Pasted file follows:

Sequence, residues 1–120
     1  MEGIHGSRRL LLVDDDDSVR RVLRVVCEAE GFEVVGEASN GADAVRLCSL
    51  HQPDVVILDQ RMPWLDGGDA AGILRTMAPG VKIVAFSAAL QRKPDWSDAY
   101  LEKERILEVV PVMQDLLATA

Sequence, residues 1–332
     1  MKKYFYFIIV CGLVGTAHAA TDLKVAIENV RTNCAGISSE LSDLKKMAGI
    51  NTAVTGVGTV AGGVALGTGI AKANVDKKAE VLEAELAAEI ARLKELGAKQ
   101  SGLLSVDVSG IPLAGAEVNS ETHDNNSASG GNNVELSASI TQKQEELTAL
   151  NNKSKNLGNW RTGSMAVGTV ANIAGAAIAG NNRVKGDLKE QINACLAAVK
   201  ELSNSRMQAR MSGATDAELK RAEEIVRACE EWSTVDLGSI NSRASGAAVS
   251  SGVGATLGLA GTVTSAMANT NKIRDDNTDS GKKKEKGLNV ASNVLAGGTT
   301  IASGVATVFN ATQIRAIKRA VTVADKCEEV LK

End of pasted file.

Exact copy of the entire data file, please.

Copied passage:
Sequence, residues 1–120
     1  MEGIHGSRRL LLVDDDDSVR RVLRVVCEAE GFEVVGEASN GADAVRLCSL
    51  HQPDVVILDQ RMPWLDGGDA AGILRTMAPG VKIVAFSAAL QRKPDWSDAY
   101  LEKERILEVV PVMQDLLATA

Sequence, residues 1–332
     1  MKKYFYFIIV CGLVGTAHAA TDLKVAIENV RTNCAGISSE LSDLKKMAGI
    51  NTAVTGVGTV AGGVALGTGI AKANVDKKAE VLEAELAAEI ARLKELGAKQ
   101  SGLLSVDVSG IPLAGAEVNS ETHDNNSASG GNNVELSASI TQKQEELTAL
   151  NNKSKNLGNW RTGSMAVGTV ANIAGAAIAG NNRVKGDLKE QINACLAAVK
   201  ELSNSRMQAR MSGATDAELK RAEEIVRACE EWSTVDLGSI NSRASGAAVS
   251  SGVGATLGLA GTVTSAMANT NKIRDDNTDS GKKKEKGLNV ASNVLAGGTT
   301  IASGVATVFN ATQIRAIKRA VTVADKCEEV LK